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John Wesley at age 48

Mission: The Works of Mercy

Most simply defined, "works of mercy" are "doing good." John Wesley believed that "means of grace," included both "works of piety" (instituted means of grace) and "works of mercy" (prudential means of grace). He preached that Christians must do both works of piety and works of mercy in order to move on toward Christian perfection.

Wesley taught that people must be Christians in both word and deed, which were to express the love of God. He believed that Christians must grow in God's grace, which first prepares us for belief, then accepts us when we respond to God in faith, and sustains us as we do good works and participate in God's mission. John Wesley not only preached about works of mercy, he "practiced" what he preached. He:

  • lived modestly and gave all he could to help people who were poor
  • visited people in prison and provided spiritual guidance, food, and clothing to them
  • spoke out against slavery and forbade it in Methodism
  • founded schools at the Foundery in London, Bristol, and Newcastle
  • published books, pamphlets, and magazines for the education and spiritual edification of people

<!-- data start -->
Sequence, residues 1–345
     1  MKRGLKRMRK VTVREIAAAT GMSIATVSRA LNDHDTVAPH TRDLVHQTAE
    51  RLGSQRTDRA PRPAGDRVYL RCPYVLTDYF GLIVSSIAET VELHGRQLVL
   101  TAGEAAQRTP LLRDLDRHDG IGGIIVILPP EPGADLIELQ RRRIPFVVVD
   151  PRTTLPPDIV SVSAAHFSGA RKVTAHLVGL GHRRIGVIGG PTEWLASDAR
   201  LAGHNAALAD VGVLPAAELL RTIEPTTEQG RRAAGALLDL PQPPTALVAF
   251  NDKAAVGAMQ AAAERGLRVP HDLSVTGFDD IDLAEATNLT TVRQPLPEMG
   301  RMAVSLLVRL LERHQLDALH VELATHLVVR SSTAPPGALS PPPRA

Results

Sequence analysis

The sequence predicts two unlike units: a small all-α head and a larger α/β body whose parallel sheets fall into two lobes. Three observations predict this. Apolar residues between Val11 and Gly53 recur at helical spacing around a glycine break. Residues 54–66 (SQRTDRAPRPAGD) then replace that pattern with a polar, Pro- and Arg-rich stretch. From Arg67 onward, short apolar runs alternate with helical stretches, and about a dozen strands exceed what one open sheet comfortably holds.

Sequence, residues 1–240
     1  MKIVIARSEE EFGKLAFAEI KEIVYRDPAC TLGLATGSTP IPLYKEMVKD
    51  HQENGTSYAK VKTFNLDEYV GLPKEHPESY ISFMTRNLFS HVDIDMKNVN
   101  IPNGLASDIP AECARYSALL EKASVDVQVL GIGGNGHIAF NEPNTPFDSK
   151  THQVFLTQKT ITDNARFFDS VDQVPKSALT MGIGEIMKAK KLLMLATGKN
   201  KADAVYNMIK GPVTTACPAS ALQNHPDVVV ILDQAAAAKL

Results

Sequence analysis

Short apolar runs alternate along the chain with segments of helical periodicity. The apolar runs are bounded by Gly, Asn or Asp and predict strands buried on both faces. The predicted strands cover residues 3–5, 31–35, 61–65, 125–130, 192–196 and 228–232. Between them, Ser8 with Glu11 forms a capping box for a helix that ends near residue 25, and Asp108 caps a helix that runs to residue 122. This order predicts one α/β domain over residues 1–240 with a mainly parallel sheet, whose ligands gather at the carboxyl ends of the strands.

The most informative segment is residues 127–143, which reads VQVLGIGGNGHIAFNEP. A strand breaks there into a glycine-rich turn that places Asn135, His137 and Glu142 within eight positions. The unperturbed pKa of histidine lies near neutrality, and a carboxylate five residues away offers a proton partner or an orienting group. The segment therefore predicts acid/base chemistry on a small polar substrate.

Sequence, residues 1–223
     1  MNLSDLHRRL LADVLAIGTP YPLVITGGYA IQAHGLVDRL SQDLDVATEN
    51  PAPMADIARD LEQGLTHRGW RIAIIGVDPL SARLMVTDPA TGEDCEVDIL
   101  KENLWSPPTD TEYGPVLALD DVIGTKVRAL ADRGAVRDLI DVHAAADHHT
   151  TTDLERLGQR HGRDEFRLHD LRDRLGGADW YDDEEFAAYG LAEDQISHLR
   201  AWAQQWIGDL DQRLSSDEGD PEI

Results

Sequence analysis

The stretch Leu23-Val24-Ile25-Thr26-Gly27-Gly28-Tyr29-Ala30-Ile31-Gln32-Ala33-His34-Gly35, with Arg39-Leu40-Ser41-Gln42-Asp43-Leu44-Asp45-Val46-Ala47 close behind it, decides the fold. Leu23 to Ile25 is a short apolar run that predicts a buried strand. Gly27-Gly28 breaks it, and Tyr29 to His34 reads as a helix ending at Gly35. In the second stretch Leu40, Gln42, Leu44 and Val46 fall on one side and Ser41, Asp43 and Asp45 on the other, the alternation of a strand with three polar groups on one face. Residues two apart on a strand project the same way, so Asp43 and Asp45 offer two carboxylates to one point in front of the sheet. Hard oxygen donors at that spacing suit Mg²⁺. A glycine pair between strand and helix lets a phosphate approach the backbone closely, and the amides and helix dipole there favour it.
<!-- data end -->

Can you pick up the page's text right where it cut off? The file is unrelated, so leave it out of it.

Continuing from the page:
• taught and wrote about good health practices and even dispensed medicine from his chapels

Wesley believed that Christians could not have authentic personal holiness without social holiness.

For Further Study

Next: Christian Perfection: Works of Piety and Mercy

The top left drawing depicts the Reverend John Wesley (1703-1791) at age 48. All of the black and white drawings have been scanned from public domain nineteenth century or early twentieth century Methodist history books. Please acknowledge this web site, John Wesley: Holiness of Heart and Life if you reproduce these. A few graphics are available in high resolution format, suitable for print media.

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